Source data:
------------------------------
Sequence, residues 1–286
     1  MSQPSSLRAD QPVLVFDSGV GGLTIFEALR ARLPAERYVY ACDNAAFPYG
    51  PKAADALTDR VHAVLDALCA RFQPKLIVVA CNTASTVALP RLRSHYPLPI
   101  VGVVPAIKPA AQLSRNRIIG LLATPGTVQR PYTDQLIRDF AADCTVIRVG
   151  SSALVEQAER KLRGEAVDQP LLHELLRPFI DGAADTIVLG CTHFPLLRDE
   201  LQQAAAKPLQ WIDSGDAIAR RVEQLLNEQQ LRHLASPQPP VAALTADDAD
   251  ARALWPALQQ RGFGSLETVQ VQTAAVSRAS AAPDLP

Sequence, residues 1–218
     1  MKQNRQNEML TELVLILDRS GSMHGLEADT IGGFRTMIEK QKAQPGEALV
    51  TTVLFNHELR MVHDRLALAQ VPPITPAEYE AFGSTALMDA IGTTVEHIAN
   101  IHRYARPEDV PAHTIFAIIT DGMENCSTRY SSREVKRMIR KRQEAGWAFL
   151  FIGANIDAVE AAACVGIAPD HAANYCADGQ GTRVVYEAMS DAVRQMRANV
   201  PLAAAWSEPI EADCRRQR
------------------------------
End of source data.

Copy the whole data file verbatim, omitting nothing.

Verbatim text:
Sequence, residues 1–286
     1  MSQPSSLRAD QPVLVFDSGV GGLTIFEALR ARLPAERYVY ACDNAAFPYG
    51  PKAADALTDR VHAVLDALCA RFQPKLIVVA CNTASTVALP RLRSHYPLPI
   101  VGVVPAIKPA AQLSRNRIIG LLATPGTVQR PYTDQLIRDF AADCTVIRVG
   151  SSALVEQAER KLRGEAVDQP LLHELLRPFI DGAADTIVLG CTHFPLLRDE
   201  LQQAAAKPLQ WIDSGDAIAR RVEQLLNEQQ LRHLASPQPP VAALTADDAD
   251  ARALWPALQQ RGFGSLETVQ VQTAAVSRAS AAPDLP

Sequence, residues 1–218
     1  MKQNRQNEML TELVLILDRS GSMHGLEADT IGGFRTMIEK QKAQPGEALV
    51  TTVLFNHELR MVHDRLALAQ VPPITPAEYE AFGSTALMDA IGTTVEHIAN
   101  IHRYARPEDV PAHTIFAIIT DGMENCSTRY SSREVKRMIR KRQEAGWAFL
   151  FIGANIDAVE AAACVGIAPD HAANYCADGQ GTRVVYEAMS DAVRQMRANV
   201  PLAAAWSEPI EADCRRQR